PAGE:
Additionally, KV sensor testing helps ensure a faulty sensor is not launched against a threat, saving $150-200 million, which is the cost of launch, depending on the type of test, said Jim Burns, a space test engineer in the 718th TS.
"If MDA learns something here in the simulator, it's a bargain," he explained. "If we learn it on the ground here - save one flight test, the cost paid for their investment. It can get really expensive. And, there are some types of flight tests you simply can't do because they are too expensive - you have to do it on the ground."
Another advantage is engineers can do hundreds of missions in the simulator in just a couple of days.
"We generate a scene that simulates space," said the colonel who spent the earlier part of his 19-year career working on strategic systems like the Peacekeeper. The key of the hardware-in-the-loop capability is that we can stress the performance of the sensor against many simulated threats, threats that the sensor will never see from space until it must perform. For instance, here are the stars. The simulator looks up there and says 'OK, I've got my orientation.' Then it looks to the target, and we can put multiple targets in there."
Colonel Miller said the missile defense business at AEDC will continue to be heavy. The center is the only place MDA can conduct high-altitude rocket testing, and the hardware-in-the-loop simulator for the kill vehicle is also an AEDC-unique capability.
"There are some things we do that are very specialized and unique and are vitally important," he said. "We have the only ARC heater facility that can do that kind of materials testing in the entire Department of Defense," the colonel said. "We touch all aspects of the missile defense mission."
MDA officials are planning to conduct a flight test of a kill vehicle this summer.
"It's an important flight, and they have to have some answers out of that 10-V chamber before they do the flight test," the colonel said. "This is critical to them. They're going to put multiple targets up and let the KV do its thing. They want to simulate the mission in the hardware-in-the-loop chamber to reduce the risk during the flight test."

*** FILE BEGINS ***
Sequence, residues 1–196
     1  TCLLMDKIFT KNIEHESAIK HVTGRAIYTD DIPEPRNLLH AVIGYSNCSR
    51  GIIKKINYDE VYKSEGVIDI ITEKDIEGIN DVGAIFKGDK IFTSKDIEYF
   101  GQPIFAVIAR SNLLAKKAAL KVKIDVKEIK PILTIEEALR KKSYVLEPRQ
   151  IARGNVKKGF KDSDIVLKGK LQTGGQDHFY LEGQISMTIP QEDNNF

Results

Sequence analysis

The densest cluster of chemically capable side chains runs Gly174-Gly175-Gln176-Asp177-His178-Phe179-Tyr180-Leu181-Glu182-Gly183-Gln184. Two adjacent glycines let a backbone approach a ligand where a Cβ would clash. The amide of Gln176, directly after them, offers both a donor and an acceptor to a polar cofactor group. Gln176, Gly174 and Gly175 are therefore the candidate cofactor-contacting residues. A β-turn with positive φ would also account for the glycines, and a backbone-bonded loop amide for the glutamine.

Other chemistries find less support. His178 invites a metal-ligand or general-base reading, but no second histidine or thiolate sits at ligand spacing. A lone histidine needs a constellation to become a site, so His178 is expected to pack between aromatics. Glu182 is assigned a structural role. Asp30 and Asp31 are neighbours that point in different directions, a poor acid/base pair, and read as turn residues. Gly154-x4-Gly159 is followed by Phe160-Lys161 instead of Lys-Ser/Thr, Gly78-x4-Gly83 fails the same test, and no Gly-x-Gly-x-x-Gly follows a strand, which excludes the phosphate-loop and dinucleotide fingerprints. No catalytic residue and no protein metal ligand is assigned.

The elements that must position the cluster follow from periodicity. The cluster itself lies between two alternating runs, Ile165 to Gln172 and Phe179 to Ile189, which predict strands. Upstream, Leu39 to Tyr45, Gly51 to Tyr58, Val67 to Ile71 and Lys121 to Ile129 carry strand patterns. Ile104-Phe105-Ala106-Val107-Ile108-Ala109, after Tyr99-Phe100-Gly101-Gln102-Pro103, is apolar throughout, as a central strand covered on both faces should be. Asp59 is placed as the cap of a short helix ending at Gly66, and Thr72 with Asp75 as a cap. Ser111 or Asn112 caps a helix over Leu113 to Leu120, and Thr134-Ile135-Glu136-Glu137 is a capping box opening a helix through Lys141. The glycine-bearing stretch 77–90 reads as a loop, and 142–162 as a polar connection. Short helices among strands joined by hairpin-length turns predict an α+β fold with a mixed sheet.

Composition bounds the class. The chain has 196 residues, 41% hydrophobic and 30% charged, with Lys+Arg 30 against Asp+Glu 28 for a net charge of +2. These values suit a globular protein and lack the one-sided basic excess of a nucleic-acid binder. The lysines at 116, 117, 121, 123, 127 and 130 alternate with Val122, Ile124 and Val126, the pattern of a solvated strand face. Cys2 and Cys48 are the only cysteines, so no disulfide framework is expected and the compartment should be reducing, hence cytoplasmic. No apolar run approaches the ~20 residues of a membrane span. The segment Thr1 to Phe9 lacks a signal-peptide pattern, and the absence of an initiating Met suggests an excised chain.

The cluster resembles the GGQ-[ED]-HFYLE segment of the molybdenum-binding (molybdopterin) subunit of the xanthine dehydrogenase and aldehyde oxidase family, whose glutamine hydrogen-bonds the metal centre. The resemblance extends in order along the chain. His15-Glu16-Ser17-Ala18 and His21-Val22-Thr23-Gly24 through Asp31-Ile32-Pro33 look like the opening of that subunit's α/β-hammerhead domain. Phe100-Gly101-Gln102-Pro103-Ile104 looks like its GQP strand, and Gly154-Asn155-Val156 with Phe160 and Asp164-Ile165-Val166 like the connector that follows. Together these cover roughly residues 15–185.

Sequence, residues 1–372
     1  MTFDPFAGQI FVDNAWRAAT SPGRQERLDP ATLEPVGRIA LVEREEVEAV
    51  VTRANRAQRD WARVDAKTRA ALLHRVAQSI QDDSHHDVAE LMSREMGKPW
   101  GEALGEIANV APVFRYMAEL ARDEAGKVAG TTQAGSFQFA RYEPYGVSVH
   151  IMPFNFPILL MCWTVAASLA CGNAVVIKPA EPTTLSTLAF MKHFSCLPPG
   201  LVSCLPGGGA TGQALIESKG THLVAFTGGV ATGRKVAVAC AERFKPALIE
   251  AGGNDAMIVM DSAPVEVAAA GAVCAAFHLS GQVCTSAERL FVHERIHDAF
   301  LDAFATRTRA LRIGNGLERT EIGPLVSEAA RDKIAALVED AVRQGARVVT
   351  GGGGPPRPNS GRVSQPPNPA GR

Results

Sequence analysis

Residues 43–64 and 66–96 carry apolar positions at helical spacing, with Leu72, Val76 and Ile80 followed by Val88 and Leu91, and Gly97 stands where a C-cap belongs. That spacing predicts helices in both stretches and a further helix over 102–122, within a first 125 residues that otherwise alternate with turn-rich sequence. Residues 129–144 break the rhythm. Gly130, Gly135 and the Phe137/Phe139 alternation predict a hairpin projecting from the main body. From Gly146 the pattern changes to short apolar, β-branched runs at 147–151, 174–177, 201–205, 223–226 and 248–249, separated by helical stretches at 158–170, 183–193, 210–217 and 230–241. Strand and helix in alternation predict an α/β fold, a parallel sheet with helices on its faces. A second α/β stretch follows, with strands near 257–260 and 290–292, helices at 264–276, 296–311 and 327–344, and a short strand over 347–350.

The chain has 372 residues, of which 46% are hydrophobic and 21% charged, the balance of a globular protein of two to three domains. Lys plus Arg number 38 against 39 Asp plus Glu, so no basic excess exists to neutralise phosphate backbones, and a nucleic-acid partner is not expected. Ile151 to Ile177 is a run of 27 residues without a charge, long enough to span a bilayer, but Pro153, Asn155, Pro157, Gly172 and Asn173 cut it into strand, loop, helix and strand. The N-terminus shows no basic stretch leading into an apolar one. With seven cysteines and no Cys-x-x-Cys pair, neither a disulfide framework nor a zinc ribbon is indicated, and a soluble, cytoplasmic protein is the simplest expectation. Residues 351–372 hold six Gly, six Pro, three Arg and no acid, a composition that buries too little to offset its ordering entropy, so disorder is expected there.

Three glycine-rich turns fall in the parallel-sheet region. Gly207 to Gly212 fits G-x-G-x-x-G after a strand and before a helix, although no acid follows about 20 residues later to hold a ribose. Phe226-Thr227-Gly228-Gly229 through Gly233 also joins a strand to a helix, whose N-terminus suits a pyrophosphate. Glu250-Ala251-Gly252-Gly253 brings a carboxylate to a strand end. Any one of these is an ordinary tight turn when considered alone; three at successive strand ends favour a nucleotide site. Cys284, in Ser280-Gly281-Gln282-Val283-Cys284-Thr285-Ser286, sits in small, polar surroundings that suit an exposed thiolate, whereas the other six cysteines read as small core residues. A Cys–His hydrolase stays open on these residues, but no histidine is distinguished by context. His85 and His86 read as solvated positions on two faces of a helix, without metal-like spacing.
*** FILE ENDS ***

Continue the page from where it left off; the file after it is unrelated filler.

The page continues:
The boost and midcourse phases of ground-based missile defense are becoming increasingly important as enemy threats become more unpredictable. Intercepting a missile in the boost phase while it is still over their country can destroy the missile regardless of its range and provide global coverage.
A midcourse intercept provides wider coverage and a longer window of opportunity. And while the terminal phase is crucial, it's a little late in the game and getting more difficult with maneuvering re-entry vehicles. It leaves little room for error with only a 30-60 second window as the warhead falls back into the atmosphere.
The Patriot missiles that shot down Scuds during Operations Desert Storm is a perfect example of the type of hardware used in the terminal phase.
"That's your last hope. What if they had been chemical or nuclear? They're in your front door at that point," he said.
Missile defense is an evolving, important mission, according to the colonel who holds both a bachelor's and doctorate in mechanical engineering and a master's in aeronautical engineering. "It's a complicated program and we make a significant contribution to this joint, DoD program
"What we're trying to do is extremely challenging," he said. "We play an irreplaceable role in the development and sustainment of space assets and strategic weapons, from an offensive and defensive standpoint."
Scattered among the different test facilities here, a lot of people specialize in a myriad of different disciplines, and understand the scope of what they do - their daily contribution to national defense.
People like Captain Stuckey take their job to heart.
"What we're doing is going to protect somebody's sons and daughters - maybe even protect us on the homefront," she said.
Mr. Burns, a former Air Force satellite operations officer, whole-heartedly agrees.
"There are the Blue Star and Gold Star Mothers and organizations like that," he said, describing the importance of AEDC's role in missile defense. "I don't want some mother to have to put a gold star in her window because of something we didn't do here. Not on my watch."